CanCon Podcast Ep. 107: What if the Women in Tech fund isn’t used for women in tech?

business women

If there is one thing we can say about our federal government, it’s that it is fond of crafting narratives. With Budget 2018, there was one clear narrative for Canada’s innovation economy: more dollars for women in tech.

But not all dollars are created equal, and while the government has crafted wonderful soundbites on its commitment to innovation, it remains frustratingly shy on details.

Take the $1.4 billion earmarked for financing for women entrepreneurs. Sounds great, doesn’t it? Twice as much as the $700 million earmarked in 2015! But that $1.4 billion isn’t a net new funding commitment, it’s just the number BDC had projected to spend financing women entrepreneurs anyway. How does that number compare to the money BDC is spending financing male entrepreneurs?

Or how about BDC’s Women in Tech Fund (WiTF or WTF, depending on who you ask), which started as a $50 million, then $70 million, and now $200 million fund for “women-led technology firms?” When the fund was announced, it was presented as an extension to the 2015 commitment “to increase its term lending to majority women-owned businesses…in addition to its ongoing support to women-founded technology firms and funds.”

But ‘majority women-owned’ and ‘women-founded’ are very different than ‘women-led’. How different? According to BDC’s criteria, that means “have a woman founder, CEO, CTO, CFO or be in a key C-suite position,” which is a little broader than the narrative being presented. Now, to the fund’s credit, its first three investments have been in women-founded companies: Nudge Rewards, Bridgit, and But look at it this way: if Shopify was still a private company seeking venture funding, it’s new CFO would qualify the Canadian tech darling for WiTF funding. And for all Tobias Lutke has done to raise the profile of tech in this country, he shouldn’t be the face of women in tech in Canada. Same goes for any other predominantly male-led tech firm looking for funding right now.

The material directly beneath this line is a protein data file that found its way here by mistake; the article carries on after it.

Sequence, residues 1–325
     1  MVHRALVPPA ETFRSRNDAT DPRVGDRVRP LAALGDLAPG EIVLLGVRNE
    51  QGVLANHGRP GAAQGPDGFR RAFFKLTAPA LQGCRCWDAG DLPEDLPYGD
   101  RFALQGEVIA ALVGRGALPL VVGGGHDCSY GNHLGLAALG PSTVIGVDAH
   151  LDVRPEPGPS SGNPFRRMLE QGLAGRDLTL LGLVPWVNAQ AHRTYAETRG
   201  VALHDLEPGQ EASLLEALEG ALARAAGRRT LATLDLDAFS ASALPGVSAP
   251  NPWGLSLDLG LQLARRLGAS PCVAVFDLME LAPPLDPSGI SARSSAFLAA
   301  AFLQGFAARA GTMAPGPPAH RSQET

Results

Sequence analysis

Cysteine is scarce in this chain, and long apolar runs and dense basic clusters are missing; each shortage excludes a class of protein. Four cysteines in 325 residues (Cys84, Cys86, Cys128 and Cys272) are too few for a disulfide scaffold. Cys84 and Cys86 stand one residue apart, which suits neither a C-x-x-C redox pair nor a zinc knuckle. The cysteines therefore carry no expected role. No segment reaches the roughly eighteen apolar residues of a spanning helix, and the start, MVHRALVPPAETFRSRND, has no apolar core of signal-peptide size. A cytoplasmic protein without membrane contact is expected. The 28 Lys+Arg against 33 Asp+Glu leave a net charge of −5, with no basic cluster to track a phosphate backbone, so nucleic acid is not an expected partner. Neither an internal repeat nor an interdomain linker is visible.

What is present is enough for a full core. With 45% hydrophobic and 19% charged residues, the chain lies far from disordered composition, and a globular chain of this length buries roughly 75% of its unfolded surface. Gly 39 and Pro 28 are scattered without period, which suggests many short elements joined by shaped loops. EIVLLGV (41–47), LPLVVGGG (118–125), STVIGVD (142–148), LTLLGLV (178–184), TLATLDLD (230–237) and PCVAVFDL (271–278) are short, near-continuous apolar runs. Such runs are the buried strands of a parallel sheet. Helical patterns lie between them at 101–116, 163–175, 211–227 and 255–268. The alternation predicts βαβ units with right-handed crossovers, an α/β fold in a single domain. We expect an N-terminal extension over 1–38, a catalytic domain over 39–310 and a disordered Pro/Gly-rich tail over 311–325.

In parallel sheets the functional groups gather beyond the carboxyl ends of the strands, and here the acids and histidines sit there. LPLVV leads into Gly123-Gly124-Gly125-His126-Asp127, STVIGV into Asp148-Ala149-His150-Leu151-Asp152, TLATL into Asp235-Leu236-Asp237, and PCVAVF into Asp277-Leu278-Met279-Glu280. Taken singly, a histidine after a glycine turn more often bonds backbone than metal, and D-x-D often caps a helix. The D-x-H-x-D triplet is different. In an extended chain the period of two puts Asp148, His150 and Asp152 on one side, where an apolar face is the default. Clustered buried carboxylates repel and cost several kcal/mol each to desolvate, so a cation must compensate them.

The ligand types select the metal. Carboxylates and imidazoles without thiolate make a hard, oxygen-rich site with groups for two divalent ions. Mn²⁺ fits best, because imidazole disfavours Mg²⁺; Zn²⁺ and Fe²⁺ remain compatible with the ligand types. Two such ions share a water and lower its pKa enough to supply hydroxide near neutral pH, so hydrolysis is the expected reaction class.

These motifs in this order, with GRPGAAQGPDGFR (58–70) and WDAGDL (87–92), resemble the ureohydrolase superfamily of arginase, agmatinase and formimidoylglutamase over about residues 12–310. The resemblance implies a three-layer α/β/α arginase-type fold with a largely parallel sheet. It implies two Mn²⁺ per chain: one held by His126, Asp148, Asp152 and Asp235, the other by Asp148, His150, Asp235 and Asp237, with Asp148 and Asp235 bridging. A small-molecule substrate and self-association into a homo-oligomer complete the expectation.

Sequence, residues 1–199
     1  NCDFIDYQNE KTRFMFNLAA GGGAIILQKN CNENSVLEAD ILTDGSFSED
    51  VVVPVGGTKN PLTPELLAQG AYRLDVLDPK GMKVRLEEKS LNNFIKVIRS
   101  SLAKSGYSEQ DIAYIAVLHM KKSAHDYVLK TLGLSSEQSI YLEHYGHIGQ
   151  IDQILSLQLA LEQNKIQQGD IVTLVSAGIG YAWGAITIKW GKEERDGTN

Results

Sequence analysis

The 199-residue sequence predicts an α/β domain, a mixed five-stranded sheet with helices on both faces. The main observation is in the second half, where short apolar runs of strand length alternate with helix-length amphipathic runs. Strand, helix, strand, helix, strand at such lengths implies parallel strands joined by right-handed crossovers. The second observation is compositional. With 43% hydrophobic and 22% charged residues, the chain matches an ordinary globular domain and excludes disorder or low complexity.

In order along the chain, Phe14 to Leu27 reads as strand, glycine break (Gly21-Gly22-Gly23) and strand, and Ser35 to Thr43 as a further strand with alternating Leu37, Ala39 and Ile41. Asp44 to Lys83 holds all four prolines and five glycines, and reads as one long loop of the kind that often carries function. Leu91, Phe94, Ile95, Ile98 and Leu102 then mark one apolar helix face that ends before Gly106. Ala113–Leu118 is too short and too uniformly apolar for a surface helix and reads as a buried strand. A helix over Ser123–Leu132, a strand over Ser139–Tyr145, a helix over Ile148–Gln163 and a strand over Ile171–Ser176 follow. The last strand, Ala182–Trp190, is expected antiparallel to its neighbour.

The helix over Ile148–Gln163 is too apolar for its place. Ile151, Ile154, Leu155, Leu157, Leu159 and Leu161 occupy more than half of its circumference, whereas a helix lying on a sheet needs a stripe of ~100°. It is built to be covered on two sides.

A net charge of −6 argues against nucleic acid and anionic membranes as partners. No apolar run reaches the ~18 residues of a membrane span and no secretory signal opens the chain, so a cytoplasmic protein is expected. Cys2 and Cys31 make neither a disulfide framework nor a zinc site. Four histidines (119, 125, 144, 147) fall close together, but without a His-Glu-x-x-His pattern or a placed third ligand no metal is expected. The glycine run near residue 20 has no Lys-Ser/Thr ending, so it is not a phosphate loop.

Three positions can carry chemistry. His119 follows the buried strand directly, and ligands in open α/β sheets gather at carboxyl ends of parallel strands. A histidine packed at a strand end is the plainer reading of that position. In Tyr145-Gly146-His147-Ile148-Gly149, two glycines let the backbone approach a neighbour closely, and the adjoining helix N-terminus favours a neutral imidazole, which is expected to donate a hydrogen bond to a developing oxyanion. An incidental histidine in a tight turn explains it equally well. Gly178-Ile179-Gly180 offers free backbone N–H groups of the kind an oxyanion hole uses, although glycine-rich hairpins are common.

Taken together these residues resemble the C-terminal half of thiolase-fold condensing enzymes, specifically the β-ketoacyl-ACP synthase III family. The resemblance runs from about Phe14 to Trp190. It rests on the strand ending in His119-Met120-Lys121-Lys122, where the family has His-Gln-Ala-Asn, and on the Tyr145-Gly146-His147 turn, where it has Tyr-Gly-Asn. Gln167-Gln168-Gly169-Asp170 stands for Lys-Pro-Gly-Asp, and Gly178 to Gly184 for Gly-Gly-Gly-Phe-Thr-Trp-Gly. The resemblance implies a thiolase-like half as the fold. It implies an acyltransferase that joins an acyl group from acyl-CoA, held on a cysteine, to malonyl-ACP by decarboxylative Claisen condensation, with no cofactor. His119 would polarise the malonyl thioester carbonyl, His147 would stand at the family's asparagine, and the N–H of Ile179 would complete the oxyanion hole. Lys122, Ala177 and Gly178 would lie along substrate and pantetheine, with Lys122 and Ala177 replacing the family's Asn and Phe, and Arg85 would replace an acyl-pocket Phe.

Speaking of the face of Canadian tech, Patrick has returned from Barcelona fresh with new Mobile World Congress war stories. We go over the latest and greatest, including: the boring (in a good way!) Galaxy S9, 5G’s future, creepy Alexa laughter, and the one Apple rumour we want to be true.

Join us as the CanCon crew – Erin Bury, Managing Director of Eighty-Eight; Jessica Galang, BetaKit News Editor; Patrick O’Rourke, MobileSyrup Managing Editor; and Douglas Soltys, BetaKit Editor-in-Chief – debates the merits of 5G-powered IoT cows (seriously).

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Special thanks to TWG for helping make the CanCon Podcast happen!


CanCon Podcast Episode 107 (03/13/18)

Budget 2018 blowout
What to look for in #Budget2018
#Budget2018 includes focus on women entrepreneurs, $572.5 million towards big data strategy

Tech catchup with Patrick: MWC edition!
Samsung Galaxy S9 and Galaxy S9+ Review: Standing firm
Amazon Alexa has been reportedly surprising users with a creepy laugh
Apple rumoured to release lower-cost MacBook Air this spring
Global wireless leaders speak on 5G deployment challenges, strategies at Huawei event

Canadian Content music clip (under fair dealing): “Side Tracked” by Born Ruffians
Ad music: “Dreams” by Joakim Karud

Feature image courtesy Burst.

Douglas Soltys

Douglas Soltys

Douglas Soltys is the Editor-in-Chief of BetaKit and founder of BetaKit Incorporated. He has worked for a few failed companies and written about many more. He spends too much time on the Internet.

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